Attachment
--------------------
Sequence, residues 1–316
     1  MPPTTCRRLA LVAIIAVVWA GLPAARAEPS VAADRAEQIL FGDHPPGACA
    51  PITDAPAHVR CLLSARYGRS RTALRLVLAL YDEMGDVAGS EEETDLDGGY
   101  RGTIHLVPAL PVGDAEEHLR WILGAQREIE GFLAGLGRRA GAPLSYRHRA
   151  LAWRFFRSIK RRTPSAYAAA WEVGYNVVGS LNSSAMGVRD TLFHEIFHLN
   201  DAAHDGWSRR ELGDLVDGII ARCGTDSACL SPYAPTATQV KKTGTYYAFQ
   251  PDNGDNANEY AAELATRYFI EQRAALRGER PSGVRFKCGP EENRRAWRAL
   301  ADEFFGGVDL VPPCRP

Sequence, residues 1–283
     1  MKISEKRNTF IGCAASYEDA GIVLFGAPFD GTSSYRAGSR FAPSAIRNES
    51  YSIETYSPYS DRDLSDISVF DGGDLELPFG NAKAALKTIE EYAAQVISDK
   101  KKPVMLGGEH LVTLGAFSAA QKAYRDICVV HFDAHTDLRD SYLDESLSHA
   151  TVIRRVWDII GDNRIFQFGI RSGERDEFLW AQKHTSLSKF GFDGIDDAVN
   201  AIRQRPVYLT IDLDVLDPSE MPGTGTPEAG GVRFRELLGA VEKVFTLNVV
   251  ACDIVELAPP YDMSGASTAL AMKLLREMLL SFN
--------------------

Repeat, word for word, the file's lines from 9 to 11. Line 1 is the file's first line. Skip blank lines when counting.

Sequence, residues 1–283
     1  MKISEKRNTF IGCAASYEDA GIVLFGAPFD GTSSYRAGSR FAPSAIRNES
    51  YSIETYSPYS DRDLSDISVF DGGDLELPFG NAKAALKTIE EYAAQVISDK